The Baron’s Ghost or The Castle of Galtellì

I received another rejection from a prospect agent, and I have another tale for you. It’s an original translation from one of the folktales collected by Grazia Deledda, and this time is free for everybody. You can read it here or on the Patreon. Enjoy! The Castle of Galtellì One night last December I spent […]

I received another rejection from a prospect agent, and I have another tale for you. It’s an original translation from one of the folktales collected by Grazia Deledda, and this time is free for everybody. You can read it here or on the Patreon.


The Castle of Galtellì

One night last December I spent more than two hours listening attentively to a woman from Orosei telling me the legends of the Castle of Galtellì.

Her passion was so sincere and her conviction so ingrained that I often stared at her with an indefinable thrill, wondering if, by any chance, these bizarre supernatural stories from peoples’ cottages might not have a foundation, something true beneath them.

The Castle of Galtellì – the Civitas Galtellina, at other times so flourishing and populated, now decayed into a miserable village – is entirely destroyed; only the black and desolate ruins remain, dominating the sad village, mute and severe in the mysterious landscape.

Legend surrounds those gloomy ruins with a magical aura of strange beliefs, among which the main one is that the last Baron, or rather his spirit, watches over the castle’s ruins day and night, guarding its hidden treasures.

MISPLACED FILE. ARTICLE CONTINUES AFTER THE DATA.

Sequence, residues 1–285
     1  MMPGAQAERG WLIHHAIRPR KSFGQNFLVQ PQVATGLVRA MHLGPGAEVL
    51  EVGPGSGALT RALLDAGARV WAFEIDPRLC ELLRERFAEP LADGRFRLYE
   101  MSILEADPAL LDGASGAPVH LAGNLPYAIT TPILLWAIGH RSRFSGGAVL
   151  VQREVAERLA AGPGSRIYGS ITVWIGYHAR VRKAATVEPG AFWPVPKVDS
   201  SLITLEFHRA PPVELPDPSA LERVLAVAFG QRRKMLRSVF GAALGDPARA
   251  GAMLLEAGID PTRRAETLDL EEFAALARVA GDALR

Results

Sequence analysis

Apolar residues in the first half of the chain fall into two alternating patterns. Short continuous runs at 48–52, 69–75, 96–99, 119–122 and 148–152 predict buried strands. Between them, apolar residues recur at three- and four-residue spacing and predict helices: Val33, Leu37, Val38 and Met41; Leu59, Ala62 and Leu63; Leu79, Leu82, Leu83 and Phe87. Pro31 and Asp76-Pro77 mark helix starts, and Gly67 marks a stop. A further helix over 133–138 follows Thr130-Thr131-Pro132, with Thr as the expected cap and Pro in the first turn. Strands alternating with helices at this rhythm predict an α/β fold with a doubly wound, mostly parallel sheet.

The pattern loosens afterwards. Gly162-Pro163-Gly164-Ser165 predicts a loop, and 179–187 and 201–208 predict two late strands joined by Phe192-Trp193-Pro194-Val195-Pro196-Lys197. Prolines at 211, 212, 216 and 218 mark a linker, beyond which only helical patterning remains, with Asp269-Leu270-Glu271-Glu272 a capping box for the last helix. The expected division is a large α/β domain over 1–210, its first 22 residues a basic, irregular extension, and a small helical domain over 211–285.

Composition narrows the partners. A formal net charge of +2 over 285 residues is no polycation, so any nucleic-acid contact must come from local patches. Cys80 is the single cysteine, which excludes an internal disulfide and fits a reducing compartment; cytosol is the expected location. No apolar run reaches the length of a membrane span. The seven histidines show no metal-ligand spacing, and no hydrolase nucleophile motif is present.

In the daytime he is invisible, but in the night, whether calm or stormy, those who venture to visit the ruins see the Baron wandering slowly, around and around, roaming through the brambles and boulders, or skirting the black walls, reminiscing the lavish days of his existence. He is young still, sad in the face, dressed according to the mediaeval fashion, with the sword at his side and his neck encircled by the fluffy collar of quilted lettuce. What fate has doomed him to wander thus, for centuries and centuries, among the ruins of his superb manor, which once had seen days of gladness and splendid power? It is not known; perhaps an excommunication of the pope, perhaps a particular curse. Besides him, it is believed that other spirits, still in human form, exist in the castle, wander in subterranean rooms, but never come out.

It is the family of the last Baron: his wife, daughter, son-in-law and a grandson born, the latter, in the strange way I will tell later.

As in Castel Doria, it is said that here too there is an underground tunnel; however, this leads very far, as far as the castles in the south of the island, as far as Cagliari indeed, crossing great ranges of mountains, rivers and plains.

The Baron’s spirit is meek and generous. He has never harmed anyone; on the contrary, he has often benefited the poor.

Once, a wretched village peasant was returning from the countryside with a bundle of wood on his shoulders, night overtook him while he was on his way, and he stopped for a moment at the foot of the castle ruins. The night was very cold, but the moon was shining brightly, and the farmer could make out a gentleman walking on the nearby heights. Curious and brave, the farmer climbed a little higher and looked at this bizarre gentleman who walked so quietly in such a place and while the night was so cold.